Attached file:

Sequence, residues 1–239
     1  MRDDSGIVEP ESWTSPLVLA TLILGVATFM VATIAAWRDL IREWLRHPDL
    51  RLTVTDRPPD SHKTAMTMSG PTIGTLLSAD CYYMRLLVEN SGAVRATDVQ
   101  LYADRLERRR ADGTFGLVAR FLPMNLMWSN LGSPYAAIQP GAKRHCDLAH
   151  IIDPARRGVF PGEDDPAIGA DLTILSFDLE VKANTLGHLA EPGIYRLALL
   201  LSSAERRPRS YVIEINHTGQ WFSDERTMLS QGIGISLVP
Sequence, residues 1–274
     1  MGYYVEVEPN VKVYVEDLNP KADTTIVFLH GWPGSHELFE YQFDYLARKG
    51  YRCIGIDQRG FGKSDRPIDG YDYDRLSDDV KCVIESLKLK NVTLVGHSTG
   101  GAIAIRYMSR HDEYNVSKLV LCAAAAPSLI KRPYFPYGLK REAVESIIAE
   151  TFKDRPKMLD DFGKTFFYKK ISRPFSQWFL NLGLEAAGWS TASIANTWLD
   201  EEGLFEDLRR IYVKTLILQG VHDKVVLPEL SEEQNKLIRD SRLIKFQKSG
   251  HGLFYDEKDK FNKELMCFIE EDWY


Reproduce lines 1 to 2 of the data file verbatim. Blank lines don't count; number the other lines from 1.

Sequence, residues 1–239
     1  MRDDSGIVEP ESWTSPLVLA TLILGVATFM VATIAAWRDL IREWLRHPDL